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VIDEO: Richard Kogan, M.D., on The Mind and Music of Tchaikovsky

     

Photo: Richard Kogan, M.D.Richard Kogan, M.D., was scheduled to deliver a talk on “Tchaikovsky: Music and Melancholy,” at the APA Annual Meeting in April. It was to be part of a series of lecture-performances that he has presented over the years at APA’s Annual Meetings on the connections between musical artistry and mental illness.

While that live presentation did not happen this year as the APA meeting was not held due to the COVID-19 pandemic, Dr. Kogan created a video of a short version of his talk on Russian composer Pyotr Ilyich Tchaikovsky. During the 30-minute presentation, Kogan explores the life and music of Tchaikovsky and performs the composer’s Piano Concerto No. 1.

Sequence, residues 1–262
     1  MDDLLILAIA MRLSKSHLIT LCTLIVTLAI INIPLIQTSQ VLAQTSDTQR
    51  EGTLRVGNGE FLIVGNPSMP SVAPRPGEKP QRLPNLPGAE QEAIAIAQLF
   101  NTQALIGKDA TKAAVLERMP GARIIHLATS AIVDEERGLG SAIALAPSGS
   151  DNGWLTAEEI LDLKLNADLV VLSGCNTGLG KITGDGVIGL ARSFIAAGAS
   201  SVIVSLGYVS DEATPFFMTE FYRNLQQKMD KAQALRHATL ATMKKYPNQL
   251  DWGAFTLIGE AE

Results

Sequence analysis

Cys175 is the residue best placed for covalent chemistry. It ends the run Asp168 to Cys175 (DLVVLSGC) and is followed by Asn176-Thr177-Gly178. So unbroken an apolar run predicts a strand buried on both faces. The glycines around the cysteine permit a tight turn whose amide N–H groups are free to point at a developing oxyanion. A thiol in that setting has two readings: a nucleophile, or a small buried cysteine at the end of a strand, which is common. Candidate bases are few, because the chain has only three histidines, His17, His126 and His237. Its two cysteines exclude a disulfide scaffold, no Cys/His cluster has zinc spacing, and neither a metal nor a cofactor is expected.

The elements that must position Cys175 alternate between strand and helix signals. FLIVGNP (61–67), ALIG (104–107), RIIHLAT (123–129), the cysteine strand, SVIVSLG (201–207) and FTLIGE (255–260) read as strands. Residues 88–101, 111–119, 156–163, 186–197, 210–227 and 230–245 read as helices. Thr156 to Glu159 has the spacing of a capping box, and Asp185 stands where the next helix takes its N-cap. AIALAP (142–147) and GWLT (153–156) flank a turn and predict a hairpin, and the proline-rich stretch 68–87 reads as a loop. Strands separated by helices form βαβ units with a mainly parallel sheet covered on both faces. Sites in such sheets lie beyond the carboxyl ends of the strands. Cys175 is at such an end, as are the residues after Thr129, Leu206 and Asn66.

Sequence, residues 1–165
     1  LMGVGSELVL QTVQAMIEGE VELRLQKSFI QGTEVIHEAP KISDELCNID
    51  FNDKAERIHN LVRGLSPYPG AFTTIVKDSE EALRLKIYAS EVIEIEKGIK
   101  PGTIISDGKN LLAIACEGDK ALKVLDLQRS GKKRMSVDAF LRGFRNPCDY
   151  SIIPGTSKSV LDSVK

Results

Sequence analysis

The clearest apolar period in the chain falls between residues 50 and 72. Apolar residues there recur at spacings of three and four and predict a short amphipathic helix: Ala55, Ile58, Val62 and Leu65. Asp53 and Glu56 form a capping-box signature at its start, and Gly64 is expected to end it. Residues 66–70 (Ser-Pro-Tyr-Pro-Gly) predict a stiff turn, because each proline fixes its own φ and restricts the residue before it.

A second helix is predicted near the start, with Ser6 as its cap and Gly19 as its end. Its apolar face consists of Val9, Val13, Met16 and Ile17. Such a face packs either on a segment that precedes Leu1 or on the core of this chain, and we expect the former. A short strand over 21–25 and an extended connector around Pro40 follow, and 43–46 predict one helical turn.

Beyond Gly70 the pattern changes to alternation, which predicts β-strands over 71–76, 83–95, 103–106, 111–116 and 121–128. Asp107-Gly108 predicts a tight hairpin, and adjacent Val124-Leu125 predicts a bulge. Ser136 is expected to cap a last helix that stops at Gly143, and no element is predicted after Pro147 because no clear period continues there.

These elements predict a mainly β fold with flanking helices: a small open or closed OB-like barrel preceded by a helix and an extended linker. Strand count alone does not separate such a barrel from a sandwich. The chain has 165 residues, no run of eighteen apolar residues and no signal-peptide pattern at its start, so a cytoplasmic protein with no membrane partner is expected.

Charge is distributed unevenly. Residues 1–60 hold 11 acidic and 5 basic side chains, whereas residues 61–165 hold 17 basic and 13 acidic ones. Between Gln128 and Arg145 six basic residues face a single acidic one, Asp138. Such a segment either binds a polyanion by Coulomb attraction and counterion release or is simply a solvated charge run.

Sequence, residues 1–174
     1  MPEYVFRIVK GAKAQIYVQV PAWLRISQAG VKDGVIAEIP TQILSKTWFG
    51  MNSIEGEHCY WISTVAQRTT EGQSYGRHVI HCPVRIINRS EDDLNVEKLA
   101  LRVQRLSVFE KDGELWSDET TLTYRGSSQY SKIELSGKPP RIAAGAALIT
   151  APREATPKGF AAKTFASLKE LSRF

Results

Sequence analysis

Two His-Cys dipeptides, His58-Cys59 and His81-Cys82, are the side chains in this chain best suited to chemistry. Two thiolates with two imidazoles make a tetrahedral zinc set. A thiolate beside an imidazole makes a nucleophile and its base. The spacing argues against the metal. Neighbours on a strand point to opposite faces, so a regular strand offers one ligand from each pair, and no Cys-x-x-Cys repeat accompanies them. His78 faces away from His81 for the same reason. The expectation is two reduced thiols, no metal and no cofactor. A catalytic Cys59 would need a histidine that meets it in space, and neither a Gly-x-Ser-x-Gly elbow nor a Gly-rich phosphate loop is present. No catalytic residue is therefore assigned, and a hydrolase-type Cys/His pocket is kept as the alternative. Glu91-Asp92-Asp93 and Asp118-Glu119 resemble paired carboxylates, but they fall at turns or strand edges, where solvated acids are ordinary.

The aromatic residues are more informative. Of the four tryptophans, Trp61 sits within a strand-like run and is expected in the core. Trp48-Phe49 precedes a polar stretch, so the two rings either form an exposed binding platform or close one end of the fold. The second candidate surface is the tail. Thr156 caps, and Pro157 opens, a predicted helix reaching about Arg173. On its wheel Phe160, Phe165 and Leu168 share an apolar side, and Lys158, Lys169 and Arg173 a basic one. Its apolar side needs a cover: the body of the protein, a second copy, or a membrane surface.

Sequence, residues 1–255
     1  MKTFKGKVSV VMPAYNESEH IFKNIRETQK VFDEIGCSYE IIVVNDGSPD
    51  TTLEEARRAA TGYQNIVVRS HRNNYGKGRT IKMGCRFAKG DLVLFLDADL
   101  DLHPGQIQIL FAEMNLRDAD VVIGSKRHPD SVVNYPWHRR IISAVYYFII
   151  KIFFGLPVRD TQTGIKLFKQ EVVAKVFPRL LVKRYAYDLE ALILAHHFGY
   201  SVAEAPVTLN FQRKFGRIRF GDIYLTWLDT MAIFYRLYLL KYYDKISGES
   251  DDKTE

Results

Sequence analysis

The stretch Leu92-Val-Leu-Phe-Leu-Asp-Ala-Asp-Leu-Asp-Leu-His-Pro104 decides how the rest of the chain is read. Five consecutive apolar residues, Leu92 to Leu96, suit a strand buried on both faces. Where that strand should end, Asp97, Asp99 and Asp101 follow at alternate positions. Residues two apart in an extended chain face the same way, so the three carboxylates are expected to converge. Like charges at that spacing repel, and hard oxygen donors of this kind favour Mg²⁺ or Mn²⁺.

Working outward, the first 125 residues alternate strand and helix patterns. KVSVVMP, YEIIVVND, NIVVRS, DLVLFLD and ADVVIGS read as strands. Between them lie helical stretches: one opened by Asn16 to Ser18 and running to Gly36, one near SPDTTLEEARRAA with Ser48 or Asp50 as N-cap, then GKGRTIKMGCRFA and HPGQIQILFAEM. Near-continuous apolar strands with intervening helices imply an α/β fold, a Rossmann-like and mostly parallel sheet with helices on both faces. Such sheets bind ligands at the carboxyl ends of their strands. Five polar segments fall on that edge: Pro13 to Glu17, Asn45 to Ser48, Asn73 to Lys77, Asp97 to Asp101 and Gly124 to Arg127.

“Tchaikovsky’s music is the indelible outgrowth of his mental state,” Kogan told Psychiatric News earlier this year. “His glorious ballets, for example, reflect an idealized fantasy world where he could escape his real-world despondency.”

Among Tchaikovsky’s most well-known ballets are “Swan Lake,” “The Sleeping Beauty” and “The Nutcracker.” Tchaikovsky’s struggles with his sexual orientation contributed to his depression. “He was a gay man living in Russia at a time when such behavior was punished by banishment to Siberia,” Kogan notes. “He was terrified of the implications and did everything to hide the truth.”

For more,  view Dr. Kogan’s presentation on Tchaikovsky.

     

Depression

 

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